Together, F5 and Microsoft can support a homogeneous solution deployment as readily as a hybrid architecture that comprises multiple solutions working in concert to achieve the greatest benefits and the highest return on investment.

This combination results in optimal efficiency as it leverages centralized management of desktops, ensures security of corporate data, and takes advantage of server-side virtualization to maximize utilization of data center resources. But just as virtualization leveraged within the data center to enable elastic applications and maximize resource utilization requires a strong infrastructure and network to ensure availability, reliability, and performance so, too, does VDI.

itSM Solutions compiled statistics from three separate research reports, calculating the average cost of downtime across all three studies as $65,833 per hour, or $1,097 per minute.

ItSM, The Paradox of the 9s

Microsoft VDI Delivery Challenges and Solutions

The challenges associated with VDI are an amalgamation of issues often encountered by other virtualization solutions and traditional network-based applications. Primarily, these include scalability, security, cross-site reliability, and performance. These challenges can be met by deploying F5 solutions in conjunction with Microsoft VDI.

Scalability

Scalability is a common challenge for all data center applications, but it becomes particularly challenging for architectures in which some level of application affinity is required, as is the case with VDI. The traditional scale-out strategy is certainly applicable in the general sense of supporting increasing numbers of concurrent users, but it is atypical in the sense that simply load balancing connections will not suffice. There are several architectural solutions to scaling out VDI, all of which all require an intelligent intermediary to ensure that the user session is maintained correctly. If the user session mapping is lost and the user is load balanced to another server, productivity plummets because any work in progress is lost. Loss of work and productivity causes frustration for users and can inhibit adoption rates; every minute of lost productivity can be costly to the organization.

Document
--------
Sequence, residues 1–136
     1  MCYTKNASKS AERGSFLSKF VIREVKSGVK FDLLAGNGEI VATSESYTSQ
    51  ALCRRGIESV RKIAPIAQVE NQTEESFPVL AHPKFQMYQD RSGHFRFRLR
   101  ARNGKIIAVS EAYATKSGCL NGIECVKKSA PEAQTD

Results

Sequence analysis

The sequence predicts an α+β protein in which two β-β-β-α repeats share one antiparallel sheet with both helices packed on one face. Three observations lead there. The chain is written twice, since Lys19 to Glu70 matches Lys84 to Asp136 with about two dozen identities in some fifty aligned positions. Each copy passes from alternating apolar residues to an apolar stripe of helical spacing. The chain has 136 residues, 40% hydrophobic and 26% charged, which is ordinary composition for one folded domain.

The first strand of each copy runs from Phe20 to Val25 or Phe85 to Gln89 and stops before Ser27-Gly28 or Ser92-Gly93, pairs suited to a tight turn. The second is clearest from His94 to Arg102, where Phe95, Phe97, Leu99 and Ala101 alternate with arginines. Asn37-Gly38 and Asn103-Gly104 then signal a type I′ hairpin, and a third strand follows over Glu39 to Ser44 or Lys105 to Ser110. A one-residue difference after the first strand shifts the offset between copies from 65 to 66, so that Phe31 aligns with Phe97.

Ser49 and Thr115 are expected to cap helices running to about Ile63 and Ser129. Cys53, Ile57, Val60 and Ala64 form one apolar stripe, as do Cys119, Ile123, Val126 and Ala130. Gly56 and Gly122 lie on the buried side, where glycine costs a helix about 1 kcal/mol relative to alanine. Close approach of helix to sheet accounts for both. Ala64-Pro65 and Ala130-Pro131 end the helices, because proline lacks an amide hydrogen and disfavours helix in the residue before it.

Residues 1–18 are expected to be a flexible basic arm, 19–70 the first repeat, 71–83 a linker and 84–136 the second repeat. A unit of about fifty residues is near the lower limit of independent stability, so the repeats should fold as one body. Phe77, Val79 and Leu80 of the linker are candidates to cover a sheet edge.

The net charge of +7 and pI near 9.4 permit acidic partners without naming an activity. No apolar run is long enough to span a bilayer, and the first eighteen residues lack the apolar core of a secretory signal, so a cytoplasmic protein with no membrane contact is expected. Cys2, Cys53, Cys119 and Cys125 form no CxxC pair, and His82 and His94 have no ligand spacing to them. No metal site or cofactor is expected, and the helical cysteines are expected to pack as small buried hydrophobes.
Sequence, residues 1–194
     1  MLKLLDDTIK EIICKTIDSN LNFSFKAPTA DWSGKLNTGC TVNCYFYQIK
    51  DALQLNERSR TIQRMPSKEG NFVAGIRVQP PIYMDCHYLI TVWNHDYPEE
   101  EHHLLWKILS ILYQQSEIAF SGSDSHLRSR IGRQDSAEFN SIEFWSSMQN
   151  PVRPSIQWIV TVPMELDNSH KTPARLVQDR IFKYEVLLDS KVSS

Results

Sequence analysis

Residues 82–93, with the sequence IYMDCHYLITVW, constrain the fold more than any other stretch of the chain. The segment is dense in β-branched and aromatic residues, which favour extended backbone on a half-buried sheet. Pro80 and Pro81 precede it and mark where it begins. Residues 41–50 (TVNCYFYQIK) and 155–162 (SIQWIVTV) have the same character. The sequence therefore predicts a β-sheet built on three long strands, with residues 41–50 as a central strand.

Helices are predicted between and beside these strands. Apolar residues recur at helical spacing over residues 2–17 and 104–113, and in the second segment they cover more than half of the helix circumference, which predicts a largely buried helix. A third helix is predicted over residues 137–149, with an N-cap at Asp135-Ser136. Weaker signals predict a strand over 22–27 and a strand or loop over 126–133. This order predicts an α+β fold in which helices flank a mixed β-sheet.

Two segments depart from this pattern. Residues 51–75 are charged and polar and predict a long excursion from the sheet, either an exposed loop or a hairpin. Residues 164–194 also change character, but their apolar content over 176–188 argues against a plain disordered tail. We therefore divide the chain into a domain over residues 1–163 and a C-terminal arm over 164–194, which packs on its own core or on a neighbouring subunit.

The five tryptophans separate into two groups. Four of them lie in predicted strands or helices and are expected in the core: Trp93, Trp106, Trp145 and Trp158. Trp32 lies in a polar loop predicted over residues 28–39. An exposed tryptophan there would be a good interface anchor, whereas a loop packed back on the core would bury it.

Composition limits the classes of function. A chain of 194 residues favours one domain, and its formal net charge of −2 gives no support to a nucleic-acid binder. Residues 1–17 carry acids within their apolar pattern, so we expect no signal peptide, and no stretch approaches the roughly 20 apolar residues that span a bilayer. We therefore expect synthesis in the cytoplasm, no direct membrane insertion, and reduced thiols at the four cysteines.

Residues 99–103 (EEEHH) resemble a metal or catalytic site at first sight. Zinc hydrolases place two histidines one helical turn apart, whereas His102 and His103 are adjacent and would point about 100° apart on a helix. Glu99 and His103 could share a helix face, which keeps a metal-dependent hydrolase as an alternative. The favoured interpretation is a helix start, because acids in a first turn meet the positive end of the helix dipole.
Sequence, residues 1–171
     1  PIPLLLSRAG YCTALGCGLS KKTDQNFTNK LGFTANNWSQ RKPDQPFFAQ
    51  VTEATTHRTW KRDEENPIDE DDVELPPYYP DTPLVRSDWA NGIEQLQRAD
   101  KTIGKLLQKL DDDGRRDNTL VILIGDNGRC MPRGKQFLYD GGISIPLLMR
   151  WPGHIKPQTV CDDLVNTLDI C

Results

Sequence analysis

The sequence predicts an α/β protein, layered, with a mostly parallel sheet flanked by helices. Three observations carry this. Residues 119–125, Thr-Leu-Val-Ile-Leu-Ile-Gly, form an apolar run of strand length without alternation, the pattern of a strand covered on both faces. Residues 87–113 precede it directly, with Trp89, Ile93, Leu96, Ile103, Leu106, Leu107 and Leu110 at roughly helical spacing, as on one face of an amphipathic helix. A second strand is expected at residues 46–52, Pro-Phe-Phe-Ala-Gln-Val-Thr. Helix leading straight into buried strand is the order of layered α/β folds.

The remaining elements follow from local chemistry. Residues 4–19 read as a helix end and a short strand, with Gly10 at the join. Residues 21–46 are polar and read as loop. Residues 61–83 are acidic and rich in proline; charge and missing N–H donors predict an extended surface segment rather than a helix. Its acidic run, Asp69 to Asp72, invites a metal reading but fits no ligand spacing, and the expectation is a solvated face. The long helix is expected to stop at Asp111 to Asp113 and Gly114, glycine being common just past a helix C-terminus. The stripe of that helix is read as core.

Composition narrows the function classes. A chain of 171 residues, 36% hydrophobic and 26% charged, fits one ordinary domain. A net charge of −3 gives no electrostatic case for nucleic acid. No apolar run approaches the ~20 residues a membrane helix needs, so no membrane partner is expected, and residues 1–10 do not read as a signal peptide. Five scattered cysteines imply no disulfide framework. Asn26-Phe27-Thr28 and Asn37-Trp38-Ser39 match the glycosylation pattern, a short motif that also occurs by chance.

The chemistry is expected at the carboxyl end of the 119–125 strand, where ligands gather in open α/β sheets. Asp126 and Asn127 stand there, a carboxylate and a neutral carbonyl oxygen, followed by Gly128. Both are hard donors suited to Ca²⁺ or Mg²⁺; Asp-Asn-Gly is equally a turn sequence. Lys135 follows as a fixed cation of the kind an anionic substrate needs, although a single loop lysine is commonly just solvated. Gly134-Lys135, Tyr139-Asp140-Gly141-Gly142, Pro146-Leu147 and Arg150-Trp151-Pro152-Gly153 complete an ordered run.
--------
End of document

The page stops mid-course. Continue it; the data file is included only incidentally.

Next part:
The ways in which these scalability challenges can be addressed are well-understood and leveraged in other application scalability problem domains. The use of persistence and global application delivery combined with proven methods of ensuring true application availability enables a truly flexible, scalable VDI implementation.

Persistence

Because it has the ability to persist sessions, also known as affinity, the BIG-IP LTM Application Delivery Controller can maintain the user-server mapping necessary to seamlessly scale out a VDI implementation. When a user requests a virtual desktop, BIG-IP LTM establishes a mapping between that user and a VDI server in the data center. All further communication between the user and the virtual desktop in the data center is directed to that mapped server to ensure availability of the user’s desktop.

By maintaining the user-server mapping, BIG-IP LTM can assure user productivity is not impeded by being misdirected to a different VDI server. This raises the adoption rate of VDI by making the move from physical to virtual desktops less painful for the users, as it intermittent connectivity issues and loss of work is one of the primary inhibitors of corporate wide VDI adoption.